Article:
U.S. looks to reassure allies as concerns
grow about American global role
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[June 05, 2017]
By Idrees Ali and Colin Packham
SYDNEY (Reuters) - Senior U.S officials
said on Monday the United States, under President Donald Trump, was
committed to the region, reassuring nervous global partners even as it
received criticism for pulling out of major a climate pact.
Global leaders have said there was growing mistrust of the Trump
administration, especially because of his withdrawal from the
Trans-Pacific Partnership on trade and from the Paris climate accord.
Trump's "America First" rhetoric and expectations that he would
concentrate on a domestic agenda has stoked fears of a retreat from a
traditional U.S. security role that has underpinned the region for
But U.S. Secretary of State Rex Tillerson said the Trump administration
should be judged for its actions and not words.
"I hope the fact that we are here demonstrates that is certainly not
this administration's view or intention to somehow put at arm's length
the other important allies and partners in the world," Tillerson told
reporters in Sydney.
"That's why we're here ... That's why we engage with our counterparts,"
He is in Sydney for an annual conference along with U.S. Defense
Secretary Jim Mattis, Chairman of the Joint Chiefs of Staff Joseph
Dunford and the head of Pacific Command Admiral Harry Harris.
Diplomatic ties were stained between the United States and Australia
this year following a row over asylum seekers when Trump described a
refugee swap arrangement as a "dumb deal" on Twitter.
Despite the public dispute, Australian Foreign Minister Julie Bishop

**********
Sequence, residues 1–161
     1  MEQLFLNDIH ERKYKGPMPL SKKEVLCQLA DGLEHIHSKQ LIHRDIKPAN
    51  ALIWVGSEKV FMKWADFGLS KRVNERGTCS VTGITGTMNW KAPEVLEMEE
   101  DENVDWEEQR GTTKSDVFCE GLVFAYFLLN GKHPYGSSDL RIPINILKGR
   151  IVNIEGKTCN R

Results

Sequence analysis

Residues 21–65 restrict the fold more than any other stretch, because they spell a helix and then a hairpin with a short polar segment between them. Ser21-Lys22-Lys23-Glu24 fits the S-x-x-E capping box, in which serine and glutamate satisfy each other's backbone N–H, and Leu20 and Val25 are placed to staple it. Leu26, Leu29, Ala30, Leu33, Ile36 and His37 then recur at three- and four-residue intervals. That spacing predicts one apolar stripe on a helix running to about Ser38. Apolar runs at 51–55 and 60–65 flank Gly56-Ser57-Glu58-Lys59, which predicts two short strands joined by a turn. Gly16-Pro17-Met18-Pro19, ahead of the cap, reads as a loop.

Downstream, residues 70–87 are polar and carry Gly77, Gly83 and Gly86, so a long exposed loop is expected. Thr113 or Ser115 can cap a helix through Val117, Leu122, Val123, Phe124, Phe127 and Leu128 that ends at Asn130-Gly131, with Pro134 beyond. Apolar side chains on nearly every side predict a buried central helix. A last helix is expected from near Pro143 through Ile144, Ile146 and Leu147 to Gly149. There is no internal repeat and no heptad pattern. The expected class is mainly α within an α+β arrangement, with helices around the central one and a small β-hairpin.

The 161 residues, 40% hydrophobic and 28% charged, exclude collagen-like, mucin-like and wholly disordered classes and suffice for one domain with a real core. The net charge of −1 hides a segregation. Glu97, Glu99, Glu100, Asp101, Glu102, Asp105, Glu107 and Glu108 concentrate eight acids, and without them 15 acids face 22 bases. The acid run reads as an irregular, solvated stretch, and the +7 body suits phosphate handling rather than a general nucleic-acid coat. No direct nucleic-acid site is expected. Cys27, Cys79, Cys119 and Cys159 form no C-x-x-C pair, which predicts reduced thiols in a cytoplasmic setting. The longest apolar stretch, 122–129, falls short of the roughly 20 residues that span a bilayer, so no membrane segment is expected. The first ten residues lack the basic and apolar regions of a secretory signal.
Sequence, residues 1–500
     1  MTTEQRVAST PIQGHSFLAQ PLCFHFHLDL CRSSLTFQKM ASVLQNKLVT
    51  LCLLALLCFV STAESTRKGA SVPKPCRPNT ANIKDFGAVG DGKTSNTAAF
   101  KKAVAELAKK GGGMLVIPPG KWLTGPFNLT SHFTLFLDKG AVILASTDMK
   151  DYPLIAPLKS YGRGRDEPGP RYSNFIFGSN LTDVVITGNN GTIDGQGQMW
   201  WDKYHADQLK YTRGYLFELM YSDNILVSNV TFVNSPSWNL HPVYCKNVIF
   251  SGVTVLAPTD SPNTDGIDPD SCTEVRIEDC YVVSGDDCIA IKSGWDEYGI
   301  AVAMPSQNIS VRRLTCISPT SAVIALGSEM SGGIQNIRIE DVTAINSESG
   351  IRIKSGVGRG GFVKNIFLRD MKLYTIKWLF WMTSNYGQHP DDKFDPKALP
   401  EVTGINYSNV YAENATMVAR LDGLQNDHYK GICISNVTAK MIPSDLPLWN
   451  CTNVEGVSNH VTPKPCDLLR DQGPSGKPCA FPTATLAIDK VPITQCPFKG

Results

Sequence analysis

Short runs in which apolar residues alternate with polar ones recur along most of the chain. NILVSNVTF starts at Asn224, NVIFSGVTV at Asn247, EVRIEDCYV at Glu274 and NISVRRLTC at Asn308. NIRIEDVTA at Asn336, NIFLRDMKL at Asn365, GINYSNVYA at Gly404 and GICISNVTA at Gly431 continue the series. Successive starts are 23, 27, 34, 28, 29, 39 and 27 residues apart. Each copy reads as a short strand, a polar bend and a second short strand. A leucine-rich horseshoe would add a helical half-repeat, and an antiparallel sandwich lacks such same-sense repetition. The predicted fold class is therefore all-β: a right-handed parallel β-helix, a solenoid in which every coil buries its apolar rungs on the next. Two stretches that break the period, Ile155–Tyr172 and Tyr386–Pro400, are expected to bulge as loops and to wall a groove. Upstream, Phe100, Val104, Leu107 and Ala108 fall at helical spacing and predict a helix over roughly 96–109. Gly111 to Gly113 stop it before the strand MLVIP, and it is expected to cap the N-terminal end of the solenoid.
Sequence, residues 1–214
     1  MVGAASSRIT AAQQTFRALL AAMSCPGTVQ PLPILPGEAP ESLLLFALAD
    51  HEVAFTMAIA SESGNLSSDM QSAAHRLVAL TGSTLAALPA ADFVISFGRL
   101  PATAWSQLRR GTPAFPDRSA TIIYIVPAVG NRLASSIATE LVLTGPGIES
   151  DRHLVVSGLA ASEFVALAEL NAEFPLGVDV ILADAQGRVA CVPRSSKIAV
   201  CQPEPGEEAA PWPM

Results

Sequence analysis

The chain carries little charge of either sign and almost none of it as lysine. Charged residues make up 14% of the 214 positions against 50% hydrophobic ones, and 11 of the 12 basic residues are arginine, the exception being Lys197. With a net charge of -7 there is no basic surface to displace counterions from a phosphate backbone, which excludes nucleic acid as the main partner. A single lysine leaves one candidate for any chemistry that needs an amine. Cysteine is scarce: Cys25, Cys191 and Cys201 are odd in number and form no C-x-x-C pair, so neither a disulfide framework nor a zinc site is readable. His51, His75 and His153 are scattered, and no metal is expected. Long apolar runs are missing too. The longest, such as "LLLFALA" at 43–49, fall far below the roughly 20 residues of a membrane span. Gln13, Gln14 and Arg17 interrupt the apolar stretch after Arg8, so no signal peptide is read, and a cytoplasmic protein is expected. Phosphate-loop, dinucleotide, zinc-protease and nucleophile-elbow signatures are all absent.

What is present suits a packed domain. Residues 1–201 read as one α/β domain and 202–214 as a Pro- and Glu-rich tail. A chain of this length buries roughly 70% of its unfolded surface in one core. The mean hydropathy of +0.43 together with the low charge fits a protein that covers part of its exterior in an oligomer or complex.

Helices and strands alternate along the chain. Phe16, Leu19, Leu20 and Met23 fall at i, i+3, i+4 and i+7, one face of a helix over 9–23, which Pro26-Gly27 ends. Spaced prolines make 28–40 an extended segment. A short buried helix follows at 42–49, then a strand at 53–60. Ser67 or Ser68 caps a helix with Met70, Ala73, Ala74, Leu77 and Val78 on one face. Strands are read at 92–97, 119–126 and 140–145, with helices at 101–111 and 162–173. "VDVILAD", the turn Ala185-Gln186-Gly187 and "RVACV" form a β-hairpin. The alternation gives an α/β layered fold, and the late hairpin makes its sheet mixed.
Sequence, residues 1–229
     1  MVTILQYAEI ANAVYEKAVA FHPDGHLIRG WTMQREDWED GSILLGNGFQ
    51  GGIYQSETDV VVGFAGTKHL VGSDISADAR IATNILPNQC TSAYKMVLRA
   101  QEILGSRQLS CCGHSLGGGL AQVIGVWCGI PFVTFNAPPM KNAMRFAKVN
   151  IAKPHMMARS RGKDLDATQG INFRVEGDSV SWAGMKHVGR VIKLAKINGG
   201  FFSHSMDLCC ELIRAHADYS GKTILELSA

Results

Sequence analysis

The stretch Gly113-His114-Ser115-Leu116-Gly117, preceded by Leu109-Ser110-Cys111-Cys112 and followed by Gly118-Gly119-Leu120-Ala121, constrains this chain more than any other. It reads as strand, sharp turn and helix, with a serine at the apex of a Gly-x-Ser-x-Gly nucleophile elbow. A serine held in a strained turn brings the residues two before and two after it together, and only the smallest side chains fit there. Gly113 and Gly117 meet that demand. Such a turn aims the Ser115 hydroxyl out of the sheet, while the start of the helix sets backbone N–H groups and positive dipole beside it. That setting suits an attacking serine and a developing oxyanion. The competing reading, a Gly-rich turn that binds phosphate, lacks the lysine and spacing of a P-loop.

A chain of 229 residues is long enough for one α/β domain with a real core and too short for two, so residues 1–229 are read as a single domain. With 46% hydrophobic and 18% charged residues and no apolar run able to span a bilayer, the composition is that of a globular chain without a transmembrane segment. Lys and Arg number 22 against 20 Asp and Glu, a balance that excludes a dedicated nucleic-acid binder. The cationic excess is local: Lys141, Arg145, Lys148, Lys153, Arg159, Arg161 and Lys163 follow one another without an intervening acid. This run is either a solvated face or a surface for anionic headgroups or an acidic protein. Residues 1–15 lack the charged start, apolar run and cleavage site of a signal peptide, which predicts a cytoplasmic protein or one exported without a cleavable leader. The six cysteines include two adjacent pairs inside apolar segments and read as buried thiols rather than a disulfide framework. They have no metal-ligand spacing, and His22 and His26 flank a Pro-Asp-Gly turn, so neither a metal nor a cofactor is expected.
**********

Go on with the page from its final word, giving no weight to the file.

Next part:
said the nature of the bilateral relationship extends beyond the
"We deal with the president, with his cabinet, and with the U.S.
administration on what they do, what they achieve, what their strategies
are, and how we can work together," Bishop said.
While Australia's government said it has not lost faith in the United
States as a global leader, the decision to leave the Paris Climate
agreement has drawn a wave of global criticism.
Speaking for the first time on the decision, Tillerson appeared to
distance himself from it, saying that it was Trump's "judgment" that the
climate pact did not serve the American people.
ENGAGING WITH ASIA-PACIFIC
With growing fears that the United States could not be relied on to
maintain a buffer against China's assertiveness, several Asian nations
have bolstered informal alliances among themselves.
[to top of second column]
Secretary of State Rex Tillerson speaks at a press conference at the
Australia-United States Ministerial Consultations (AUSMIN) at
Government House in Sydney, Australia, June 5, 2017. REUTERS/Jason
Although reiterating U.S. commitment to Asia, Tillerson said China
should do more on the issue of North Korea, which has stepped up its
nuclear and missile programs in defiance of U.S. pressure and U.N.
North Korea has become a security priority for Washington since it
vowed to accelerate its nuclear and missile programmers and to
develop a nuclear-tipped missile capable of hitting the U.S.
Tillerson also said the United States could not allow China to use
its economic power to "buy its way out of other problems, whether
it's militarizing islands in the South China Sea or failing to put
appropriate pressure on North Korea".
Reacting to his comments, Chinese Foreign Ministry spokeswoman Hua
Chunying said: "We hope the relevant side can fully respect and
support the efforts of countries in the region to maintain peace and
stability in the South China Sea, and play a constructive role
rather than the opposite".
Some U.S. officials have also expressed concern about the growth of
Islamic State and the return of foreign fighters in the region and
said it is one reason the United States will continue to remain
Authorities in the region have urged greater cooperation to counter
the fallout from a raging battle with Islamic State-linked militants
in the southern Philippines, the biggest warning yet that the
ultra-radical group is building a base in Southeast Asia.
The region is home to 600 million people and includes Indonesia,
which has the world's highest number of Muslims. Authorities in both
Indonesia and Malaysia, also Muslim-majority, have said thousands of
their citizens are sympathizers of Islamic State and hundreds are
believed to have traveled to Syria to join the militant group.
(Reporting by Idrees Ali and Colin Packham; Additional reporting by
Ben Blanchard in BEIJING; Editing by Jane Wardell and Paul Tait)
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